This innovative method uses thin-film building to achieve opacity by not only adhering to the surface, but also to itself through an exploitation of outdated surface tension techniques. Achieved in production through a shearing effect, paint molecules become ‘magnetized’ by a distinct treatment and sequencing of raw materials relative to each chemical packet (additives, pigments, water, binders/resins) that abrade with sensitive, but proven, mixing processes. Despite this exclusive result, 90% of all raw materials in the system are used by manufacturers around the world with typical equipment requirements both in production and lab. This method uses two thirds less TiO2 yet achieves two- and three-times opacity of any traditional architectural coating system. This is because the mechanism of action at point of application acts as a counterpoint to the absence of excess TiO2.

To maintain and improve performance, the method had to be adaptable to industry’s current infrastructure by way of how manufacturers produce, and how users consume, paint and coatings. The system profile can be described as a common water-based single component, but with extreme durability and scrub counts approaching 10,000 on the ASTM D2486. It is a non-viscous product in the 85-ku range with ease of flow and application, despite approaching solids of 70%. It is no odor with very-low-VOC and non-spatter that can be produced in multiple sheens. Most intriguing is the tint system. There is one tint base that acts as white and can be tinted down to deep medium tones (85-90% of all color sales) and there is a base for accent colors. The method accepts any tints and matches any color. Compared to the SKU matrix and costly proprietary tint systems of any other product line, some up to seven tint bases, this simplification is further argument towards real, practical sustainability through the supply value chain.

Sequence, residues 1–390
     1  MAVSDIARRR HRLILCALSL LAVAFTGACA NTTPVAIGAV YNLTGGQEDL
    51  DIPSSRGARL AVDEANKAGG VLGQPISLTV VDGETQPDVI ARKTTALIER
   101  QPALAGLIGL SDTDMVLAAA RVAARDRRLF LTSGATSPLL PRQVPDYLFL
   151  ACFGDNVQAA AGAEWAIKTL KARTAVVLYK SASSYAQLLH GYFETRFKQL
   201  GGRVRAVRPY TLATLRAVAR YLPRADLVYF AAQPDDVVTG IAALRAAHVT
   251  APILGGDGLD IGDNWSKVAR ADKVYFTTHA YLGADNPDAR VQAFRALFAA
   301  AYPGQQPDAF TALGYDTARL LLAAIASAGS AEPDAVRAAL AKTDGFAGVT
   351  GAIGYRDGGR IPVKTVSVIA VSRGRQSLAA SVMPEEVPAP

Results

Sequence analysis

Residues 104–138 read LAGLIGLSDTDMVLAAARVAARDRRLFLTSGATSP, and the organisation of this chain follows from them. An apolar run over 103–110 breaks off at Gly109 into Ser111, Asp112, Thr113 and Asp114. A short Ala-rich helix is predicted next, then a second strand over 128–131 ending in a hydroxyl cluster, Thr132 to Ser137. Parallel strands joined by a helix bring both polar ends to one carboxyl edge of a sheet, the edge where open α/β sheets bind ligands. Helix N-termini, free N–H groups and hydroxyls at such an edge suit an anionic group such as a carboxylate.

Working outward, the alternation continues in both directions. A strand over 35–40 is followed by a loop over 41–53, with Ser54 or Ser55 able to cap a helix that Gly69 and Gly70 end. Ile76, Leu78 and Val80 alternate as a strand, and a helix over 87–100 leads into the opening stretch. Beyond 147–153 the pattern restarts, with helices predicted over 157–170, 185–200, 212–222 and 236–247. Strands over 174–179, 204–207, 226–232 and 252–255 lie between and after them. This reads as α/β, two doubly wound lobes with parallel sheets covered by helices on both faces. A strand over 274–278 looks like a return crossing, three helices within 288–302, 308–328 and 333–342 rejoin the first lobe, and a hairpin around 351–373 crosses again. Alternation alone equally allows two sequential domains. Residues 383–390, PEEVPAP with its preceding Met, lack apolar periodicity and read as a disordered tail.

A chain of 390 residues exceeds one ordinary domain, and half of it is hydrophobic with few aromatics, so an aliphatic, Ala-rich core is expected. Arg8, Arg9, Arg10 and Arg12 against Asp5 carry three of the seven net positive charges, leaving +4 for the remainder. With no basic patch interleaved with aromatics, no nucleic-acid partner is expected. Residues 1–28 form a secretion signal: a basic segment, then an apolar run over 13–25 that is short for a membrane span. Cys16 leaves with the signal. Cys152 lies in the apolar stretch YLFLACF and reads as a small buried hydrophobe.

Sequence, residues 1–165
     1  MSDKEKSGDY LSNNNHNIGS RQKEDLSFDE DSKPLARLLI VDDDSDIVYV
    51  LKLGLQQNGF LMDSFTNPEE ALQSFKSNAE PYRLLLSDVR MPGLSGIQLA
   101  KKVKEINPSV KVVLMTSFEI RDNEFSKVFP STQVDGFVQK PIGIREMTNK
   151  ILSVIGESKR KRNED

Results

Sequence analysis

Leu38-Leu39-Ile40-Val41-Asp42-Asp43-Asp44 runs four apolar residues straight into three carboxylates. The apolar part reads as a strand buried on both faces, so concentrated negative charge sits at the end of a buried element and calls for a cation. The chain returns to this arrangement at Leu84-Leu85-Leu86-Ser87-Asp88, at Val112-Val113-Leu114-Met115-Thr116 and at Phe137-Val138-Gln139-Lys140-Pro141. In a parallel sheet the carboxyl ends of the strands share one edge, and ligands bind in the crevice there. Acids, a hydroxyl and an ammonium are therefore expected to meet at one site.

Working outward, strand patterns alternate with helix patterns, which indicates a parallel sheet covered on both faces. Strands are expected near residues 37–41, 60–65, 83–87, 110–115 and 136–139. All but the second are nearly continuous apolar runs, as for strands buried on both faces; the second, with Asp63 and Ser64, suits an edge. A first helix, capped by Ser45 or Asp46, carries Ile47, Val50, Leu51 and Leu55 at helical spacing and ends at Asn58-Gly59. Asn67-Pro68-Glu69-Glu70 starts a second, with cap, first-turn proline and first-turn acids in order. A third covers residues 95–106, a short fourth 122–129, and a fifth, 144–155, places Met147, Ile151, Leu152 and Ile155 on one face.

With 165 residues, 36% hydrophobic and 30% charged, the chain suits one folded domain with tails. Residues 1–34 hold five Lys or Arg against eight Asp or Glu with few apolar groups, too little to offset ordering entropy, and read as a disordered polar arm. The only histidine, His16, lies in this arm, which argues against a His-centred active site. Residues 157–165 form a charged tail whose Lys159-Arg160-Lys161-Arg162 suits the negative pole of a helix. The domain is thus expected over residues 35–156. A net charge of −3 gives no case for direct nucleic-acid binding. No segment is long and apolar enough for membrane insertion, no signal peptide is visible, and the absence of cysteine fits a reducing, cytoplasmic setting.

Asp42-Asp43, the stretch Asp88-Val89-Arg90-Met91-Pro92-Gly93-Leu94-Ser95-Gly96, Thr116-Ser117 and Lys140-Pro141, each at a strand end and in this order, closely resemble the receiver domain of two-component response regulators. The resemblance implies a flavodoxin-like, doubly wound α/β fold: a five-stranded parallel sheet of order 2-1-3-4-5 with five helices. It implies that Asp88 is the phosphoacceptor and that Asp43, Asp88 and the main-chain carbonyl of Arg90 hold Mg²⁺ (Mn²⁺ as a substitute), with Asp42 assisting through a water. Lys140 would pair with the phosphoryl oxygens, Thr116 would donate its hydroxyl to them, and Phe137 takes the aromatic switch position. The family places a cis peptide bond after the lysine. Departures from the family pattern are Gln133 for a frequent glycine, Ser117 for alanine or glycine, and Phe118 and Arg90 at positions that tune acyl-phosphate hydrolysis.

Self-Build Technology has been transferred into seven architectural coatings serving their specific market segments. These product systems range from interior and exterior decorative, new construction, industrial, and commercial coatings. More recently, through arguably the largest field test in history, over 150,000 gallons were produced, marketed, and sold through traditional channels in North America and internationally. With over 15,000 unique end users, the system has proven successful in a wide range of geography, user type and practical real-life conditions.

These measures de-risk the technology and provide social proof that large-scale market-sized batches can be produced. That the raw materials can be sourced with consistency, and, most importantly, that the varied customer base of traditional coatings through distribution, retail, and end-user type not only welcome these results, but have come to expect them. The technology continues to be transferred into additional product systems, growing the platform to serve additional market segments. What’s more, a push towards the only next-best improvement has commenced – zero TiO2. A full technical report is being prepared for international trade presentations, as TiO2 is the cornerstone of the entire $235B USD annual market, responsible for 50% consumption of the global inventory each year.

TiO2 Alone Controls Sustainability